The Daily Populous

Wednesday June 8th, 2022 night edition

image for Bezos Was Wrong, and Biden Was Right: Taxing the Wealthy Will Help Tame Inflation

Bezos said such policies don’t have anything to do with inflation, but he was wrong.

As for the corporate rate, Summers explained, it’s generally assumed “that every dollar of stock market wealth generates between 3 and 5 cents of extra consumption.”

“Everyone would agree,” Summers said, “that progressive taxes reduce demand by something.”.

“If you thought that the capital gains rate was going to go up in 2022,” Summers told me, “you would sell in 2021.”

Now we’re left with the inflationary effect of an expected tax hike without the tax hike itself.

When you’re even moderately rich, it’s never really a bad time to repaper the living room or to vacation in Crete.

That means it’s never really a bad time to increase five percenters’ taxes and discourage such inflationary consumption at the margins. »

Three abortion activists strip to underwear in protest during Joel Osteen church service

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Three abortion activists stripped down to their underwear in protest to interrupt a Sunday service at pastor Joel Osteen's Texas megachurch.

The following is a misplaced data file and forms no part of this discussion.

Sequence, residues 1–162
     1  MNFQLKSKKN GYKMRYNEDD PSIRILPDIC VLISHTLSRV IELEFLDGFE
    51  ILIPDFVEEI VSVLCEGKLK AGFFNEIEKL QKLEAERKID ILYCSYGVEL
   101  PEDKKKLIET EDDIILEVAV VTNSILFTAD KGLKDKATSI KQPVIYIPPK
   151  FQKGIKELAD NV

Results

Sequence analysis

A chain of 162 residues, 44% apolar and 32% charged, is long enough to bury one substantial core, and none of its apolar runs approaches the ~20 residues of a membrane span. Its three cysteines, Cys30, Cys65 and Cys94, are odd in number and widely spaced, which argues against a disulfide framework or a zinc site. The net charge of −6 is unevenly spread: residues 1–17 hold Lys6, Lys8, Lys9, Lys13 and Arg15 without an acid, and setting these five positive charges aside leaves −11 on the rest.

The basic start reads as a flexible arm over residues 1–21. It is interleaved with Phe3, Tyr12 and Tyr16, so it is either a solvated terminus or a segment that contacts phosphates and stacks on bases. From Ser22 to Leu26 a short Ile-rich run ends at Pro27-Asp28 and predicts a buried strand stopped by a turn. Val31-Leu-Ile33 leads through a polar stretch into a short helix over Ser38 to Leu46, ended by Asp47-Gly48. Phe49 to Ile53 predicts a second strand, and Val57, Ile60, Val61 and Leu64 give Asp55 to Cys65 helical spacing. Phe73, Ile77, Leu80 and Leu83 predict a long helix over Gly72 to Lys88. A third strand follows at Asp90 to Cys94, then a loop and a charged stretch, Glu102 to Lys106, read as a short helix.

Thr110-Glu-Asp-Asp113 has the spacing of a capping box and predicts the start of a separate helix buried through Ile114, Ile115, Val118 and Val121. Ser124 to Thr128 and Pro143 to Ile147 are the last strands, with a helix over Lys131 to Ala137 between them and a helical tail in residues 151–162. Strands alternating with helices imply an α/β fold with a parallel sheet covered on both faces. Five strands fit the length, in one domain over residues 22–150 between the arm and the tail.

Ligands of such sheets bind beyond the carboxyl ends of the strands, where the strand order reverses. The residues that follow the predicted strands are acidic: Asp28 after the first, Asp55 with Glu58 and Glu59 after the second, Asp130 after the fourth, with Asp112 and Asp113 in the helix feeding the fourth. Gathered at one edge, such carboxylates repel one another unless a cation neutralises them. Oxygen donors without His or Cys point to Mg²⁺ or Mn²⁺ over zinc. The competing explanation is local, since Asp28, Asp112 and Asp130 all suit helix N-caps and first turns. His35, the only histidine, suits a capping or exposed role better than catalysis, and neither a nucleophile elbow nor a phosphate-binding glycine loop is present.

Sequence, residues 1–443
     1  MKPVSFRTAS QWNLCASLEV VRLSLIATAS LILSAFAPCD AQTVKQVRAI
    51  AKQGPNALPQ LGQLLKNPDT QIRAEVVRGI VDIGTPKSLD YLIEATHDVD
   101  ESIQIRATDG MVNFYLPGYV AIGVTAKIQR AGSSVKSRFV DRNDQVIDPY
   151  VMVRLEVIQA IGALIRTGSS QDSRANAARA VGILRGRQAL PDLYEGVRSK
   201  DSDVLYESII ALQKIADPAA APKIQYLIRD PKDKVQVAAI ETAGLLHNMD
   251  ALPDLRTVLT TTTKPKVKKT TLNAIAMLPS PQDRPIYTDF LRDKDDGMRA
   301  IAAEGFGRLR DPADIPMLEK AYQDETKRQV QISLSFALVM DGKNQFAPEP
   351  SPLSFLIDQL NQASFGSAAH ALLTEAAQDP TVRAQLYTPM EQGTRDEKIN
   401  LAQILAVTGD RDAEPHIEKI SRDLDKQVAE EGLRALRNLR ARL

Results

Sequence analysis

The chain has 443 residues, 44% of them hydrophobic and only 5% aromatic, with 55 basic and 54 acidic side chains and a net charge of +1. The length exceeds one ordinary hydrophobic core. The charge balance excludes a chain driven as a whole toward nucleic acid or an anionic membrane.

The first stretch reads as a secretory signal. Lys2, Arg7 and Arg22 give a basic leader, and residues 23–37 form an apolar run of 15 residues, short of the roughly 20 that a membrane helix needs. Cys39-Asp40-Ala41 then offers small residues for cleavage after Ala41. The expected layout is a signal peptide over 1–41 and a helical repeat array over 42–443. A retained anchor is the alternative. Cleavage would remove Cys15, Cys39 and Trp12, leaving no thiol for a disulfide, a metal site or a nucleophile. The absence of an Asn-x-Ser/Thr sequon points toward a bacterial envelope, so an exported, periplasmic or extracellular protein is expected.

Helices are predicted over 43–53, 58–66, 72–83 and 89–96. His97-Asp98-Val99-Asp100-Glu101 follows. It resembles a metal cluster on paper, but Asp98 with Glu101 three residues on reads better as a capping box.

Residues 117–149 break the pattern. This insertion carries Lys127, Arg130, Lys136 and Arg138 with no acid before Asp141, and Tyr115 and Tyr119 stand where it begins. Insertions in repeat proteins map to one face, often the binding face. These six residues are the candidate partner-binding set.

The video footage of the protest quickly went viral over Twitter and the 11 a.m. service's live stream has since been taken down.

This article originally appeared on USA TODAY: Abortion activists strip to underwear in Joel Osteen church service. »

E3 video game convention will return in 2023, says parent company

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It’s June, which in nearly any pre-2020 year would mean a cavalcade of new video game announcements with a loud red-and-yellow “E3” logo slapped on them.

Despite a dire stretch, the organizing body behind E3, the Entertainment Software Association, says it hasn’t thrown in the towel just yet.

Since 1995, the Los Angeles-based convention has served as the video game industry’s annual epicenter for major product announcements. »

The New Energy Order

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If countries retreat into strategic energy blocs, a multidecade trend toward more energy interconnectedness risks giving way to an age of energy fragmentation.

This shift is bound to invite comparisons to the 1970s, when excessive government intervention in energy markets exacerbated repeated energy crises.

Instead of dialing back the government’s role in energy markets, Nixon dialed it up, and the cure proved worse than the disease. »